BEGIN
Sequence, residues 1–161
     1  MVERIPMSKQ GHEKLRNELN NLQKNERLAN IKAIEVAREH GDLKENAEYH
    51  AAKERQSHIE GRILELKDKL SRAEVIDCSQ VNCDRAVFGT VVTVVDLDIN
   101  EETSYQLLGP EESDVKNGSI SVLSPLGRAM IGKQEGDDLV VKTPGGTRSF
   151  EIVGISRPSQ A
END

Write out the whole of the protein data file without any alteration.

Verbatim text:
Sequence, residues 1–161
     1  MVERIPMSKQ GHEKLRNELN NLQKNERLAN IKAIEVAREH GDLKENAEYH
    51  AAKERQSHIE GRILELKDKL SRAEVIDCSQ VNCDRAVFGT VVTVVDLDIN
   101  EETSYQLLGP EESDVKNGSI SVLSPLGRAM IGKQEGDDLV VKTPGGTRSF
   151  EIVGISRPSQ A